Community and Social Responses to Land Use Transformations in the Nairobi Rural-Urban Fringe, Kenya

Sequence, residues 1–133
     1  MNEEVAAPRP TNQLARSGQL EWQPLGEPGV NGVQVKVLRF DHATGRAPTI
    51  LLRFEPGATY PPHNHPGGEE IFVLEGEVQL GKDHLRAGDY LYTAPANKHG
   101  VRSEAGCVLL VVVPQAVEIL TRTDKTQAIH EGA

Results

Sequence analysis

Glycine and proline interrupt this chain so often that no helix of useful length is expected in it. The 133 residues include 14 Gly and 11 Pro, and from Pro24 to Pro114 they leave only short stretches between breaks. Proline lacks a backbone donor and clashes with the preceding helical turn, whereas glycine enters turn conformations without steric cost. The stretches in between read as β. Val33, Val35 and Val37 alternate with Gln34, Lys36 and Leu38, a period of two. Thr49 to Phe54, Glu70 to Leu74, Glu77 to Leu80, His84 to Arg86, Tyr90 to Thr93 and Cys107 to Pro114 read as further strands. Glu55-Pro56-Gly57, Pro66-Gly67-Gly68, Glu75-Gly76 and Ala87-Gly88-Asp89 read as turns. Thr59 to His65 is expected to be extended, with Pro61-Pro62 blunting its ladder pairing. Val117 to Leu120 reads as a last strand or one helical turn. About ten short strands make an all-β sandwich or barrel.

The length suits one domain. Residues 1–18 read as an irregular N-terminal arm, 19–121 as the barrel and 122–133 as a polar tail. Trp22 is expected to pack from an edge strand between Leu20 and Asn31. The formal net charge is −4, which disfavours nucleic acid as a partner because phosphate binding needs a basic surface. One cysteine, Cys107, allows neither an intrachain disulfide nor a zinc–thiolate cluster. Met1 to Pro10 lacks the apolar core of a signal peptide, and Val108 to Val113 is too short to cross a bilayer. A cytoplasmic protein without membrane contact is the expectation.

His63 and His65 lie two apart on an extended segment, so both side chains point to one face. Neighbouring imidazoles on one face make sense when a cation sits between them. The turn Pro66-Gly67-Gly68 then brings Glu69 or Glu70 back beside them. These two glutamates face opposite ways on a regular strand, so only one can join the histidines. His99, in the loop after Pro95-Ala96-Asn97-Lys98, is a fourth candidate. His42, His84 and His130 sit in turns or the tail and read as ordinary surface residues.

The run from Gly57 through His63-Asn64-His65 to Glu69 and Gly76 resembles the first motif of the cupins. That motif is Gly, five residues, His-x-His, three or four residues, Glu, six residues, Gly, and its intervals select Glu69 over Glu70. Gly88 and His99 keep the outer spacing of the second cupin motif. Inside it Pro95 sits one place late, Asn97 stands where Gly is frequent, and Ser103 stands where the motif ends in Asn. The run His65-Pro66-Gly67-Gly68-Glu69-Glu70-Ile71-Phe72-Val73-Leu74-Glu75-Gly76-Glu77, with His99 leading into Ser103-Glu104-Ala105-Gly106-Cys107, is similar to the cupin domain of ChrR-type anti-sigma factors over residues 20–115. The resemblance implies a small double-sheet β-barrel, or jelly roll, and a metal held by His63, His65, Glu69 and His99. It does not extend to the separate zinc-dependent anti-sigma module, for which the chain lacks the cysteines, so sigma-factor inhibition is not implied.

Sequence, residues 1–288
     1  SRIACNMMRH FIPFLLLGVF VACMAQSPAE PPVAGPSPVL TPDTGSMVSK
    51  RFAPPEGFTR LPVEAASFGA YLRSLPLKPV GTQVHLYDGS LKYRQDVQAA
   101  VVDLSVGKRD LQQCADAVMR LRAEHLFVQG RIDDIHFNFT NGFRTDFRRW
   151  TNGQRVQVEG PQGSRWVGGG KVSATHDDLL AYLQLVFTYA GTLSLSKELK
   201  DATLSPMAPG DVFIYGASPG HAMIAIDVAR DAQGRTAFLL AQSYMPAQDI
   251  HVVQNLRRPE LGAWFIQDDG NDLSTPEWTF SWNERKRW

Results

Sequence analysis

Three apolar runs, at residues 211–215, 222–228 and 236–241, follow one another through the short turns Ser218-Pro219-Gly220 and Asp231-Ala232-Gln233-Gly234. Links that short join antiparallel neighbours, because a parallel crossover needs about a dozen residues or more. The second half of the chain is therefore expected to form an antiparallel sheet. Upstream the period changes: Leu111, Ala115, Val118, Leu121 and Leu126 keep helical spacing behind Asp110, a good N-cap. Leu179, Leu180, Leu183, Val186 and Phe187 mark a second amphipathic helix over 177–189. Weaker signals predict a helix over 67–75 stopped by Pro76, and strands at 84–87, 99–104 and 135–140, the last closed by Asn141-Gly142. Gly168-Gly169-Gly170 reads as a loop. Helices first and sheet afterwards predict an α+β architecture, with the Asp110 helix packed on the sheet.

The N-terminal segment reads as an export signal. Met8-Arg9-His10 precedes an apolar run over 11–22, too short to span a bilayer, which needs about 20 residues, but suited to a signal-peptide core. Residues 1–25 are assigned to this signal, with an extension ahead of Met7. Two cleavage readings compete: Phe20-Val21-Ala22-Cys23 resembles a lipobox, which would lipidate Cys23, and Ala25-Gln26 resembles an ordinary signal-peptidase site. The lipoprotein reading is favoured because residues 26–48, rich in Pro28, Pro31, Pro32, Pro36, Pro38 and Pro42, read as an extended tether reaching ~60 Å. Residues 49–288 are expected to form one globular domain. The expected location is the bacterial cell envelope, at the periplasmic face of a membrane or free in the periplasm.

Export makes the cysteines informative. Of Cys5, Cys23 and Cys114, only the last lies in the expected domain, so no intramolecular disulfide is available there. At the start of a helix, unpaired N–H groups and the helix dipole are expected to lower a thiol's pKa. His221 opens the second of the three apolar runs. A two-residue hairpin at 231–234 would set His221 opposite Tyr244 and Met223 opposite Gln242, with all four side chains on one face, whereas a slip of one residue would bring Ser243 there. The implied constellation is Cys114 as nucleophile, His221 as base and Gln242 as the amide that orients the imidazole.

The process of urbanization is one of the most important dimensions of economic, social and physical changes. It is almost a truism that the planet’s future is an urban one and that the largest and fastest growing cities are in developing countries. Approximately 25 percent of Africa’s population lived in towns and cities in 1975. By the year 2000, due to rural-urban migration and rapid rates of natural increase, 38 percent of the continent’s population lived in urban areas. The proportion is expected to increase to 47 percent by 2015 and to double by 2025, Kenya is not an exception. Rapid urban population growth means an increasing demand for urban land. This land is not available within the city, but in the rural-urban fringe, for various reasons. This is partly due to low land prices, high rents at the core of the cities and legal flexibility in land use planning in the rural-urban fringe. Urban growth is already engulfing the surrounding agricultural lands and small villages. The conversion of agricultural land to residential uses is leading to the rapid transformations in the agricultural production, spatial structure, social structure, land ownership and land market in these areas. This chapter focuses on the responses/actions of the communities within Nairobi rural-urban fringe and how they manoeuvre through the consequences of changes occasioned by land conversions. It used Town council of Karuri as a case study. The chapter is based on qualitative research approaches presents evidence on how subaltern’ actions plays an important role in creating order in an otherwise chaotic situation as a result of ‘poorly planned’ residential development. The subalterns’ actions, as evidenced by their agency, are manifested in community’s contribution and participation in provision of infrastructure and services within the Nairobi’s rural-urban fringe due to inability of formal provision by planning authorities.